When it comes to measuring risk, third party assessments have long been the standard for deciding which products to add to our networks and critical infrastructure, whether it’s within our organizations or within our power grids, hospitals, and telecommunications networks. But the rapid adoption of connected devices—the internet of things (IoT), operational technology (OT), and other embedded systems—has completely changed the source of device risk. Whereas before, having a deep understanding of our vendors was the primary option for assessing risk, it is now clearer than ever that these third party risk assessments are falling short of where we need to be to prevent our networks and infrastructure from being compromised. Both device manufacturers and asset owners need a scalable solution that takes inherent device risk into account. And while these assessments give us key information, we cannot see the full picture without looking directly into the devices themselves.


Conventional third party risk assessments are strenuous and broad. Through lengthy questionnaires that evaluate a vendor’s security posture, reputation, privacy risk, and so on, these assessments attempt to answer the question, “should I trust this company with my data?”

On their own, these assessments are crafting an image of risk based on vendor responses and assumptions, and that leave us with a number of problems:

  • A lack of hard data means that you must rely on trust. There’s something strange about asking a vendor questions about their own trustworthiness. If you’re worried that you can’t trust a company with your data, why should you trust their responses? This leads to situations where your team may have to rely on gut instinct to know when something just feels off.

  • You must assume that the vendor being assessed understands their products, firmware, and supply chain. Even if you deem a vendor to be trustworthy, you are then relying on their processes and on every member of their team to know what they’re doing and to function flawlessly. The vendor in question may very well believe that their products are secure, but if they don’t understand their own supply chain risk, or if their suppliers don’t understand the security of their components, then how can you trust their answers?

  • Third party risk assessments don’t show the whole picture when it comes to supply chains. Your vendors have suppliers that provide software and hardware components for their products. Those suppliers may have their own suppliers, and so on. Supply chains are complex, multi-leveled, and constantly shifting. Unless your risk assessment is assessing every individual sub-supplier, these assessments cannot reveal the risks being introduced by your supply chain.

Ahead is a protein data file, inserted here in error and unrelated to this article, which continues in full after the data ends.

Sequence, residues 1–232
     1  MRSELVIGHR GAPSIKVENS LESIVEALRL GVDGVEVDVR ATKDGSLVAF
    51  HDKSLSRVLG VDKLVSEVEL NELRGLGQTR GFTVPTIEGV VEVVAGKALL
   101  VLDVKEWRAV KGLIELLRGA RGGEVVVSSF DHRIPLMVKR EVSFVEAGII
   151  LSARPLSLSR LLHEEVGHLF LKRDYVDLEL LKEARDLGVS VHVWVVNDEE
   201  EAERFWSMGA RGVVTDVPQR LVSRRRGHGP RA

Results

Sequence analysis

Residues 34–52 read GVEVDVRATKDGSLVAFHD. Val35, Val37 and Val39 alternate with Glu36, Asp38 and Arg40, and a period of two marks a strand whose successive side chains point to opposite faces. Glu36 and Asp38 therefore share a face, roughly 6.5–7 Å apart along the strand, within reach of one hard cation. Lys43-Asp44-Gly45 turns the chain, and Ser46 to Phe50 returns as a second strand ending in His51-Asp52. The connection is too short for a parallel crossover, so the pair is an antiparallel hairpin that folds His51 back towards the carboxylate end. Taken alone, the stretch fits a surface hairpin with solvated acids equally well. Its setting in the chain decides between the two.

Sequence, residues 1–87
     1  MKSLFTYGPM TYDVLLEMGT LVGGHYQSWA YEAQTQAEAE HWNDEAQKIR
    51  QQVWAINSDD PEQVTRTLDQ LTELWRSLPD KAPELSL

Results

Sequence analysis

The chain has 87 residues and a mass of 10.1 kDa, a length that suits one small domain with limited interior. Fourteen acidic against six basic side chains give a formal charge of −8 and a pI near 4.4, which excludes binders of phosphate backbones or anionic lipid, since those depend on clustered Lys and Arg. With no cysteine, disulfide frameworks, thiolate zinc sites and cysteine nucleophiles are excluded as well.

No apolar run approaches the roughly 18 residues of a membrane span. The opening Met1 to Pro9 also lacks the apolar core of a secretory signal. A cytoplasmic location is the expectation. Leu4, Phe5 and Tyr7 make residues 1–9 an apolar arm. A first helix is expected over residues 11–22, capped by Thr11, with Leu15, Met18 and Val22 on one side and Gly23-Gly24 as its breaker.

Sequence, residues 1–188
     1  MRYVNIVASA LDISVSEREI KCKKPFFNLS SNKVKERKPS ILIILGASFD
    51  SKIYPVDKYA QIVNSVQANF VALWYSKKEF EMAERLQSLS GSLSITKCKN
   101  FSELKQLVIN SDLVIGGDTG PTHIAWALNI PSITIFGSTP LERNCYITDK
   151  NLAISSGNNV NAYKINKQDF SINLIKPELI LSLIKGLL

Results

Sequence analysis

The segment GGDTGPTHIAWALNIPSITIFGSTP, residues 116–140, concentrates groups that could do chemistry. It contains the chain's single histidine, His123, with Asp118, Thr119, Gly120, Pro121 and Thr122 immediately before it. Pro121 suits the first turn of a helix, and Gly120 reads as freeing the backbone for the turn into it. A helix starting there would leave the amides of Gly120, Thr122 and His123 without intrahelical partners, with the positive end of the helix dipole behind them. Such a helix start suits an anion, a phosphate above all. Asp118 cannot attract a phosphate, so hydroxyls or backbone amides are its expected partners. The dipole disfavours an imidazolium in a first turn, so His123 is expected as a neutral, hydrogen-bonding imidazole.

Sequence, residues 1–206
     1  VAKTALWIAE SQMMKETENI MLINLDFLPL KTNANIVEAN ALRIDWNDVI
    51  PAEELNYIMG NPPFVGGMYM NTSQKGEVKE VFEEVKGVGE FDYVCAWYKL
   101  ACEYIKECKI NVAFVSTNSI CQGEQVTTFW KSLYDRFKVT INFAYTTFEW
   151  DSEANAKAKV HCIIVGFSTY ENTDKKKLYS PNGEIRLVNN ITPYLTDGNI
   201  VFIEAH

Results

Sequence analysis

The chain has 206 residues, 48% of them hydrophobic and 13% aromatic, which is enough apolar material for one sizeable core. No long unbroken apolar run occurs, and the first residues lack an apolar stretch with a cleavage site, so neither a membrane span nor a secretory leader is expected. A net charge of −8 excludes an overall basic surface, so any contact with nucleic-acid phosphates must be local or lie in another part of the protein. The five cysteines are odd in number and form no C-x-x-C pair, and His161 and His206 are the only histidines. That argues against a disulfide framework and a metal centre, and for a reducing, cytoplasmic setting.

Even if we do our best to minimize these issues, what are we actually measuring? Again, we are asking, “should I trust this company with my data?” but that doesn’t help us understand actual product risk. It doesn’t give asset owners the ability to see what vulnerabilities are inside their devices or what issues are introduced by their supply chains. What if in addition, we asked, “should I trust this device on my network?” How would we assess risk then?



If we focus on the right underlying problems, we will no longer have to rely on trust to secure our networks and infrastructure. If we can see the vulnerabilities inside the devices themselves, we no longer have to guess at what may have been introduced at any given stage in a product’s supply chain. In order to do this, asset owners must utilize a supply chain risk model that is focused on real threats and vulnerabilities, including:

  • Inherent Product Risk: an analysis of device firmware that provides you with overall device risk, a robust Software Bill of Materials (SBoM), hard coded credentials, cryptographic materials, safety features, code complexity, unsafe function calls, memory corruption, and code analysis.
  • Vulnerability and Threat Risk: Information on the presence of known vulnerabilities (CVEs), zero-day vulnerabilities, and known incidents, alerts, advisories, and threats.
  • Supply Chain Risk: Information about vendor watch lists, vendor manufacturing location, and FOCI (foreign ownership, control, and influence.)

Third party risk assessments supply only one part of a larger product risk picture. With a more comprehensive product risk approach, both asset owners and device manufacturers can start to take meaningful steps to manage their risk for each of their devices.


Until now, it’s been a challenge to find scalable solutions for monitoring and managing product risk. With Finite State’s comprehensive product security platform, this entire process is automated, allowing your organization to focus on mitigating those risks, achieving compliance, and ensuring the security of your network.

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